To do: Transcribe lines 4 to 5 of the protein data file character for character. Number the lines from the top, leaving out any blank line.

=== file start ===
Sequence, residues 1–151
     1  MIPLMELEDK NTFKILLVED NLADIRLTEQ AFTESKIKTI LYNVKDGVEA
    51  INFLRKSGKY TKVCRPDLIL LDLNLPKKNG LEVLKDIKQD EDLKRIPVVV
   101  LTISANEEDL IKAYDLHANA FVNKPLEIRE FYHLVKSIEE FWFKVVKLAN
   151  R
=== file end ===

   101  LTISANEEDL IKAYDLHANA FVNKPLEIRE FYHLVKSIEE FWFKVVKLAN
   151  R